[Update 6/07: a lady who was a neighbor of theirs emailed me to say that Mrs. Herter is still fine and that George was an amazing and colorful person and well-worth a biography---she said I should've asked for him that day we stopped by his store; she remembered her teenage brother buying his first shotgun there and George came over to their house later and said he hadn't gotten the right one and took him back to the store for a personal fitting. She also mentioned that the bankruptcy occurred after he'd gotten older and had sold out, although the feather incident didn't help any. I really should follow up further on this bio idea...]
Now we come to the Herter books. Several of his books are famous (the Professional Guide book) or infamous ("How to Live with a Bitch" ---that is, a dog) or just surprising (a book on raising kids, one on candy-making, on taxidermy, on fly-tying, on escaping from the rat race). But his star is "Bull Cook." His titles are all winsome to read and highly collectible, but "Bull" is the place to start.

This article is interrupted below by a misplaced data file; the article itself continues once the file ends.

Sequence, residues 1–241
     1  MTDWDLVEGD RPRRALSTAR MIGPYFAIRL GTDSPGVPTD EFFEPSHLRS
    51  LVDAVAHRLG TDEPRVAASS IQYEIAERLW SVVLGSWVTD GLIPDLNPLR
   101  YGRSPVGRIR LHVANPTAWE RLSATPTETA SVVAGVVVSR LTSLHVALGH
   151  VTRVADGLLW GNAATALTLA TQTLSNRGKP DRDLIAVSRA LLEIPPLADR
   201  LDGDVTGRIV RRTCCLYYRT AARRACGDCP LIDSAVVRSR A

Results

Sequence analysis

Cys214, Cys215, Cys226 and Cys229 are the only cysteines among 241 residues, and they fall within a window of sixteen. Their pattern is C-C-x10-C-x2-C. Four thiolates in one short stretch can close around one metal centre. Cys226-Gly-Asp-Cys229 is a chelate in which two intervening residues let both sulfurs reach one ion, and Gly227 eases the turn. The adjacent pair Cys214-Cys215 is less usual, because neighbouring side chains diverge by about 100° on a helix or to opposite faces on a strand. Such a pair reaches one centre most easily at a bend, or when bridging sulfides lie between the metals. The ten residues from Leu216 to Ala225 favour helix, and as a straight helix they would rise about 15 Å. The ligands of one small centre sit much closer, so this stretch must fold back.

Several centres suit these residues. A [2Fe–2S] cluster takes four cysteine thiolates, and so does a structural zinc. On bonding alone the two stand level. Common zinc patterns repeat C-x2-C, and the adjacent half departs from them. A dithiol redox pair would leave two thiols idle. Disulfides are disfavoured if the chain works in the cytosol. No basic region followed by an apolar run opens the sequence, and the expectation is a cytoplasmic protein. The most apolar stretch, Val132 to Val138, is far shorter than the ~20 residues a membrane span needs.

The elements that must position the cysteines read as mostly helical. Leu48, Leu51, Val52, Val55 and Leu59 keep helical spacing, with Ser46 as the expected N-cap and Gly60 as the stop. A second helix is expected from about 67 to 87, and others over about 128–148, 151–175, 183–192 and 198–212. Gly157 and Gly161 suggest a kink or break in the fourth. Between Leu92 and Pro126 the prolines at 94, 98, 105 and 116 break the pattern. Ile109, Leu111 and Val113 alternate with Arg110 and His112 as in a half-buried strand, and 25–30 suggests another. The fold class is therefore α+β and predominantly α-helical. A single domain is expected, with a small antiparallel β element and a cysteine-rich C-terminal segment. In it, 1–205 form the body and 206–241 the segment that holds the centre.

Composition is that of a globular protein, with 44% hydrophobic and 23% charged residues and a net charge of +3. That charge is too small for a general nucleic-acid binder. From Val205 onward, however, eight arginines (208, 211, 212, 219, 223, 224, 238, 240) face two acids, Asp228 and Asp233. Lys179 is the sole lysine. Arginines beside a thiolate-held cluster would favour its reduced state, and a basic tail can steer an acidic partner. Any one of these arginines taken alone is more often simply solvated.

"Bull Cook," volume 1, is a 6"x9" hardcover about 350 pages long. It has a Table of Contents at the back instead of an Index, and no Index. It's organized somewhat by topic and is full of recipes and declarations about every kind of food. There are also histories of many recipes and great restaurants. There are quite a few photos from the 50's showing Berthe Herter in swanky lounges. George was a partying friend of Hemingway's (anonymously---he was concerned about his privacy). The writing style is a bit confident and he never attributes his outlandish assertions to any sources. For instance, he gives us a direct-quotes history of the Margarita drink, which involves a hooker and some gunfighters in the 1800's---so there ya have it: he was there or knew someone who was. He also gives many standard-seeming recipes as being related to personages of classic importance. I enjoyed making his Eggs Mendel, after the guy who invented genetics---it's cottage cheese stirred into eggs as you fry them, as I recall. I like George's confidence and I always go to him for my history. His approach is as good as any, in my view---the modern academic approach taking out all the fun. I'll stick with George. He'll be my primary source. Not a bad cocktail party source, anyway, for recipe expounding.